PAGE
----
ANTI-MAN by Dean R. Koontz

He must have been employed by World Authority in some capacity, for he could not otherwise have possessed a weapon. But I had worked for World Authority too. I drew my narcodart pistol and sprayed him with six low-velocity pins in the legs where the bulky coat could not deflect them. He staggered, went down on his knees. He plucked at the darts, then realized it was too late for that; the drugs they contain, chiefly Sodium Pentothal, react much too fast to be torn free. He was a big man, and he was fighting the drowsiness as best he could, though it was just a matter of time until he would be out of action. I fired again, fast, but before he passed out, he managed to get in a weak but audible call for help. It echoed through the Alaskan night.

I opened the front door of the taxi and grabbed Him by the elbow to usher Him in. A spatter of pins broke across the roof, inches from my face, ricocheting away like little slivers of light. The gunman had been trying for the back of my neck but had misjudged and fired slightly to the left. I whirled, searched the taxi stalls for the gunman.

Ping, ping, ping . . . Another burst rattled over the roof of the car, nowhere near us this time.

“I saw movement to the right,” He said, crouching with me. “Back there by that blue and yellow two-seater.” He had drawn His own dart pistol, one He had “procured” in that sports shop where we had gotten the arctic gear, lifting it and an ammunition clip from the shelf while I distracted the clerk with our big order. “Do you see which one I mean?”


“Perhaps I should—”

“Wait here,” I said, lying on my stomach and slithering along the retaining wall, keeping under the cars parked there, working my way toward the vehicle He had pointed out. There was a hard-packed layer of snow on the lot and my front side nearly froze as I slithered over it. Now and then, the snow was melted into slush where a warm taxi engine had rested near it. I felt absurd, like some cheap movie actor, but I was also afraid, which blotted out any embarrassment I might otherwise have felt. Fear can work miracles. I had hitched my star to His. If they caught us now, before He had finished His revolutionary evolution, I had no idea what they might do to me.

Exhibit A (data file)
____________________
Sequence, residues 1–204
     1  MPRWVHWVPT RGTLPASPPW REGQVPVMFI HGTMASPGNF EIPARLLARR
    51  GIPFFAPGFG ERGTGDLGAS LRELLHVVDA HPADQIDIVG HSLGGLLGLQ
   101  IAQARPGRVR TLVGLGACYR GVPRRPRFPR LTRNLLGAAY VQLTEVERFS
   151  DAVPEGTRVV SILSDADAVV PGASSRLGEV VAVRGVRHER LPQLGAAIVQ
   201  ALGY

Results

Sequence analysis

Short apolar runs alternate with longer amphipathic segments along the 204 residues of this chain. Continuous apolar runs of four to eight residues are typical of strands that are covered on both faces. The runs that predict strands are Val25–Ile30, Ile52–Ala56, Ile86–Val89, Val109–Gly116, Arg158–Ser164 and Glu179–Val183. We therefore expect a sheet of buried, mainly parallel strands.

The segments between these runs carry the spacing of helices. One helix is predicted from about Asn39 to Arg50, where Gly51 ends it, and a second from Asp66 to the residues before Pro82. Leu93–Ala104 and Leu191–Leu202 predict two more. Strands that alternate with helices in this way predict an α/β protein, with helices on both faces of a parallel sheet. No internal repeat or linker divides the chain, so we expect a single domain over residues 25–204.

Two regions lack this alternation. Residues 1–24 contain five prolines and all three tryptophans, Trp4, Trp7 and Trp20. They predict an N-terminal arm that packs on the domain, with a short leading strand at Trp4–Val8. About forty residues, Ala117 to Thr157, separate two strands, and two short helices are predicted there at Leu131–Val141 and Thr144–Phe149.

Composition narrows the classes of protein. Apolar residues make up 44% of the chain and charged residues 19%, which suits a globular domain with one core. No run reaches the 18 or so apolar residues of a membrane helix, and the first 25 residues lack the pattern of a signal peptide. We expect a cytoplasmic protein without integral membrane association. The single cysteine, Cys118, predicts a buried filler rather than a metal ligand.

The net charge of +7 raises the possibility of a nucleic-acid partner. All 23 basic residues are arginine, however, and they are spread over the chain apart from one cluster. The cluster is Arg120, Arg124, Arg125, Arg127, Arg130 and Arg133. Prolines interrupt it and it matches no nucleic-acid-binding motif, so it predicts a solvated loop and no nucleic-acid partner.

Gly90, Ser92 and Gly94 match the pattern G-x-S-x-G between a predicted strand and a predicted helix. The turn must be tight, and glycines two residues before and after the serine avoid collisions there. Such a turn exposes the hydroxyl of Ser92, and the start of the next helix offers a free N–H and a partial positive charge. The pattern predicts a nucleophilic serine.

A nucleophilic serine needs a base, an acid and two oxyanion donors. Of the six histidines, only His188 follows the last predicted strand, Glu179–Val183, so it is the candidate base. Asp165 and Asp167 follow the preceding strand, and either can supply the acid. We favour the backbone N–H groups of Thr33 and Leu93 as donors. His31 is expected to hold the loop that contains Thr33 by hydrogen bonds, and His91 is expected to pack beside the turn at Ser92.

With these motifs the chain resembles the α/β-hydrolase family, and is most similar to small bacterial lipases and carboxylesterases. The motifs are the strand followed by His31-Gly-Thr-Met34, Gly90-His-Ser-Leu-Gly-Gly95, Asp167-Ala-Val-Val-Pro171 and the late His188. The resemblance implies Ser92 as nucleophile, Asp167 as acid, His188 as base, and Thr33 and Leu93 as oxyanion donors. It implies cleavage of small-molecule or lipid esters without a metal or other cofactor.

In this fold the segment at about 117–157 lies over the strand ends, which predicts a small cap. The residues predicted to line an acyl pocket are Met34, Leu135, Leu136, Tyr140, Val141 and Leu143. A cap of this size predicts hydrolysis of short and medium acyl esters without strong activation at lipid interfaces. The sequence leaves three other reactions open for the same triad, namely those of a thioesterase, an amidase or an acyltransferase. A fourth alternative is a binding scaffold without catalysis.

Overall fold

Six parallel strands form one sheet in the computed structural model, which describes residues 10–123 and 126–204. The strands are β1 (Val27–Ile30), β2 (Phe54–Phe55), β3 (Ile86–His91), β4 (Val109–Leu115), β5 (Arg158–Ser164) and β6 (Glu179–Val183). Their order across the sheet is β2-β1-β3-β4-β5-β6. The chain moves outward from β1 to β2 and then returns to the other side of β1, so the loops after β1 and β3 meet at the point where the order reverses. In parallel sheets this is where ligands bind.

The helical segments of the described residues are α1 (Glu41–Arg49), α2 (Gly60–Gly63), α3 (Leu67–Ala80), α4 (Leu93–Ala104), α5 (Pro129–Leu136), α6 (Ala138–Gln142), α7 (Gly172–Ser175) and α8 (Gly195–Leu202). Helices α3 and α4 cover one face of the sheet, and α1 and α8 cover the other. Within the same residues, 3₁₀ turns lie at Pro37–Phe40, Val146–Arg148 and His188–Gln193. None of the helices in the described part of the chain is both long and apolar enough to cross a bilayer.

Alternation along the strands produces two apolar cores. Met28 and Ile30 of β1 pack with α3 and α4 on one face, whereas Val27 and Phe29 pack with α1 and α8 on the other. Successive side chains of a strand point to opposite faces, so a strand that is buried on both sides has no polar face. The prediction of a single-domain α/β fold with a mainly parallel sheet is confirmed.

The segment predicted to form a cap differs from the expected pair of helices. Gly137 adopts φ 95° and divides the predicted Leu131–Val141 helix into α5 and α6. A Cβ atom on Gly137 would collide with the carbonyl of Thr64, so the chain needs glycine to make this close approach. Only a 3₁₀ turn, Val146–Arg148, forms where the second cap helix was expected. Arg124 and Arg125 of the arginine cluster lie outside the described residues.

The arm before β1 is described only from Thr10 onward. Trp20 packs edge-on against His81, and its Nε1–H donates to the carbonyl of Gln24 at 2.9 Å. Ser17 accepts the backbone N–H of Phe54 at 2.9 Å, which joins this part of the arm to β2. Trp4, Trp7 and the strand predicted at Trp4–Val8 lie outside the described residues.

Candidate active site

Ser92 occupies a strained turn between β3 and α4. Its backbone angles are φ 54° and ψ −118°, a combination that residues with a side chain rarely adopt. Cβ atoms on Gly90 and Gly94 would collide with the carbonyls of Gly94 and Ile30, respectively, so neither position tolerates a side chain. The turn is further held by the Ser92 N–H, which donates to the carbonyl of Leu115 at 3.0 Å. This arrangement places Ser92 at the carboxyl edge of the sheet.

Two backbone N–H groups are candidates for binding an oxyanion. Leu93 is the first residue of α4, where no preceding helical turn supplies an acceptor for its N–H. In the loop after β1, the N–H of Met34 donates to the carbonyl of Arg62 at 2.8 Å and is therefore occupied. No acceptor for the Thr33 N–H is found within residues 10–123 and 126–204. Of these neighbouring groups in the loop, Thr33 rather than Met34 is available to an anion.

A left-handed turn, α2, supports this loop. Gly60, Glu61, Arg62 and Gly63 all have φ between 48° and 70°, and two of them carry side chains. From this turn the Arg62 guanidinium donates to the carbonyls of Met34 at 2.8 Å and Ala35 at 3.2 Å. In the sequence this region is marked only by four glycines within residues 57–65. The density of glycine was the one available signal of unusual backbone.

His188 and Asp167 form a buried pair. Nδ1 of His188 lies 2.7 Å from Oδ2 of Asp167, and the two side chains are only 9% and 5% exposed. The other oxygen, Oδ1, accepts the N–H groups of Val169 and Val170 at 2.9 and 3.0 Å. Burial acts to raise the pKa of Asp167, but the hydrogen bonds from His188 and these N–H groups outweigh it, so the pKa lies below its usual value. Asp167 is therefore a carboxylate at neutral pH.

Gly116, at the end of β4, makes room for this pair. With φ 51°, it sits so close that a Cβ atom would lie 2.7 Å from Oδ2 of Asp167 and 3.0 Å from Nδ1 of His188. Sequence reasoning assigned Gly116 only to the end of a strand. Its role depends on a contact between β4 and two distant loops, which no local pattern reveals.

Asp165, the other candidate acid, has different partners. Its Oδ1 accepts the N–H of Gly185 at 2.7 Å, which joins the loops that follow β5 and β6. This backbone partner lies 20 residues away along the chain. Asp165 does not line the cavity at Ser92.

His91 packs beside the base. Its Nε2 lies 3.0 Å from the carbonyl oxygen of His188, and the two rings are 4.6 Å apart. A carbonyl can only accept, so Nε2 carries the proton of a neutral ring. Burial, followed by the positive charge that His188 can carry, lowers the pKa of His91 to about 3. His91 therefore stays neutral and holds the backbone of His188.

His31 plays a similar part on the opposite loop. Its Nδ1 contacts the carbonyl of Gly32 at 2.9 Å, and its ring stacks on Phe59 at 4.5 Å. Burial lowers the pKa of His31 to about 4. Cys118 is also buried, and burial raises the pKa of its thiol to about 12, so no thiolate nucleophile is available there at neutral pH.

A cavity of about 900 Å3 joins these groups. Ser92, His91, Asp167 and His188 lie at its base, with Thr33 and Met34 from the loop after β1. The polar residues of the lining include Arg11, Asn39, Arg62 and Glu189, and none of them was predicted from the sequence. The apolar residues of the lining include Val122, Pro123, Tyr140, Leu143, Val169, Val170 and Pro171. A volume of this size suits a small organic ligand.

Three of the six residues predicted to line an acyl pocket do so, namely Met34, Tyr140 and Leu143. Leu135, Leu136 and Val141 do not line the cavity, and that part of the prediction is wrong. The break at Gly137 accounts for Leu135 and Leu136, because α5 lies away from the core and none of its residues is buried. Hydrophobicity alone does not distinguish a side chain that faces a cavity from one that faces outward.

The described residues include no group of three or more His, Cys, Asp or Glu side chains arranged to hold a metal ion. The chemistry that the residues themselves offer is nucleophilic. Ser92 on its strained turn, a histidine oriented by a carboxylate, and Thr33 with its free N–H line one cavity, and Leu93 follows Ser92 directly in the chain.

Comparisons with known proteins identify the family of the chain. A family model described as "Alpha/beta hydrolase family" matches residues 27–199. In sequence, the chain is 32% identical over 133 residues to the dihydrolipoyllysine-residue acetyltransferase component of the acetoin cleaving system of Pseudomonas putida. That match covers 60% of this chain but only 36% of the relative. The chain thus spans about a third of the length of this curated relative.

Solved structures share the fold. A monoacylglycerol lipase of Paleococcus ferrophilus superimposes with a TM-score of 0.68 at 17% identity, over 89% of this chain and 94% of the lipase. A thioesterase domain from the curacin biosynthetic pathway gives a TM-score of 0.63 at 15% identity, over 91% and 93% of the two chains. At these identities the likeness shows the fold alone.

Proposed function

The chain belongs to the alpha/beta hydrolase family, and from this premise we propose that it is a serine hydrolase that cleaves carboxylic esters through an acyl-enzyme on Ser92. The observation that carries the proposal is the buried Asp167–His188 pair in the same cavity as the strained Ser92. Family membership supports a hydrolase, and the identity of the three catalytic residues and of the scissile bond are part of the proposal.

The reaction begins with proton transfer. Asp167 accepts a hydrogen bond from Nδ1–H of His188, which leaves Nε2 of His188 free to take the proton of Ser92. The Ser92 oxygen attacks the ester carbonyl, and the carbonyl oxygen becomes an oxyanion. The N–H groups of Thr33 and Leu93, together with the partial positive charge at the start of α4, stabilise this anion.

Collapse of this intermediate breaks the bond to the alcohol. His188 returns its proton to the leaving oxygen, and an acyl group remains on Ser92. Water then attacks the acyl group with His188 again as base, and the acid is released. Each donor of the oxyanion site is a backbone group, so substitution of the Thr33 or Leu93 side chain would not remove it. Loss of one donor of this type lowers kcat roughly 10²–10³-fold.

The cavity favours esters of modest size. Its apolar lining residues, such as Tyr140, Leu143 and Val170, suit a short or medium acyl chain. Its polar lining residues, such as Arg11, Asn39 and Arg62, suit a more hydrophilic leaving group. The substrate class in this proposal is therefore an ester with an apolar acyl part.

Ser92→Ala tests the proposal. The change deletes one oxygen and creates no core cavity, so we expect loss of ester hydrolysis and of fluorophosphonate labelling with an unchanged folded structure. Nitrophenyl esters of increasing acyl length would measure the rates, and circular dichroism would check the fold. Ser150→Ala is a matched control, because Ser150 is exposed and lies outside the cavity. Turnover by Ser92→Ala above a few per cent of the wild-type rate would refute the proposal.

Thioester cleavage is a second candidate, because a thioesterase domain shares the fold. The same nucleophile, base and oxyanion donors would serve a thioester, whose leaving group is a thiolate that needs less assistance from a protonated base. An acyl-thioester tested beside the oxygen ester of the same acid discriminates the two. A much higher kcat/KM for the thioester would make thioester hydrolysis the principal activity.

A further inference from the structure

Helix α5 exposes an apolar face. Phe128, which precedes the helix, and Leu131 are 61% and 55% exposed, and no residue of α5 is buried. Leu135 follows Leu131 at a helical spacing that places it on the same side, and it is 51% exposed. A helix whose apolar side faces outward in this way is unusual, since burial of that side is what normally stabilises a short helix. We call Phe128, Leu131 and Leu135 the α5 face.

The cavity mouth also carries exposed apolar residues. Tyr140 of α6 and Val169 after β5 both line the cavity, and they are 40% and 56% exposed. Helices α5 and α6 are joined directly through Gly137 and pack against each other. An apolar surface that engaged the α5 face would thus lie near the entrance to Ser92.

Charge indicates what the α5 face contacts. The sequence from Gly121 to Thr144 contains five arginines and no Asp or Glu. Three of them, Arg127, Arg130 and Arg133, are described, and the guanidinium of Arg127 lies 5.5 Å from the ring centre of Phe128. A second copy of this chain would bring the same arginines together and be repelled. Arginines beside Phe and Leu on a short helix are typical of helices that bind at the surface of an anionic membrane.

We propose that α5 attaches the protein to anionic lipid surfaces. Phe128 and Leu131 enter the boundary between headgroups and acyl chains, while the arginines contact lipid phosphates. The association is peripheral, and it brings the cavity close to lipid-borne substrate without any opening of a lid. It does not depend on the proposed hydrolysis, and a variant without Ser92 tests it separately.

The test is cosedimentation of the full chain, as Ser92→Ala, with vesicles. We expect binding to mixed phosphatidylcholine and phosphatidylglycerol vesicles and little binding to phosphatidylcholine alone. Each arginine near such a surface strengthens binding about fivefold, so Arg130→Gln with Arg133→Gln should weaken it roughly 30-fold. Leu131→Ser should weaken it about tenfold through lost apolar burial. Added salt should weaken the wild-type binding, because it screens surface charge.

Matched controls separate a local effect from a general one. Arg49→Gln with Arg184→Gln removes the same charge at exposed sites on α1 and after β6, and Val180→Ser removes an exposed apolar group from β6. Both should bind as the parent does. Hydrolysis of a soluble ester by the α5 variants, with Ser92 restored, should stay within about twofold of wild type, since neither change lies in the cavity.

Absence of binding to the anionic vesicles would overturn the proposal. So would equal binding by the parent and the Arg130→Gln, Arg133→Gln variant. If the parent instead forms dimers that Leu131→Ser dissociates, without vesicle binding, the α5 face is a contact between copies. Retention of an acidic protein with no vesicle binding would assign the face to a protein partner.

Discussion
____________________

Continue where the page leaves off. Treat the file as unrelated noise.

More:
Behind me, He stood and fired a barrage toward our enemy, drew an answering hail for His trouble. That helped me pinpoint the location of our gunman. I moved cautiously, trying to make as little noise as possible. Still, my shoes dragged on the snow and the pavement and gave off little scraping noises that carried well in the cold air.

I circled around him, always beneath taxis except for the short spaces between them when I had to wriggle across three or four feet of exposed territory. When I had gone a row beyond him, I came out in the open and moved in on his rear. I slid along behind a limousine taxi for large parties until I felt I was directly behind his position. Raising my head carefully—narcodarts could blister and scar delicate facial tissues, puncture an eye and sink into the vulnerable brain—I looked around. Our target was a Port guard in World Authority uniform. I could not tell whether he had recognized us as the first man had or whether he was shooting just because he had seen me take out the other fellow. Either way, I had to stop him. I stepped out into the open and aimed at his buttocks.

I must have made some noise, for he turned in the last second, almost lost his balance on the slippery surface.

I struck him with a dozen pins, and he toppled to the left, grasping at the taxi. For a moment, it appeared that he was going to make a valiant effort to rise and return my fire. Then he slid noisily to the pavement and laid still, breathing softly.

Page: 1 2 3 4 5 6 7 8 9 10 11 12 13 14 15 16 17 18 19 20 21 22 23 24 25 26 27 28 29 30 31 32 33 34 35 36 37 38 39 40 41 42 43 44 45 46 47 48 49 50 51 52 53 54 55 56 57 58 59 60 61 62 63 64 65

Categories: Koontz, Dean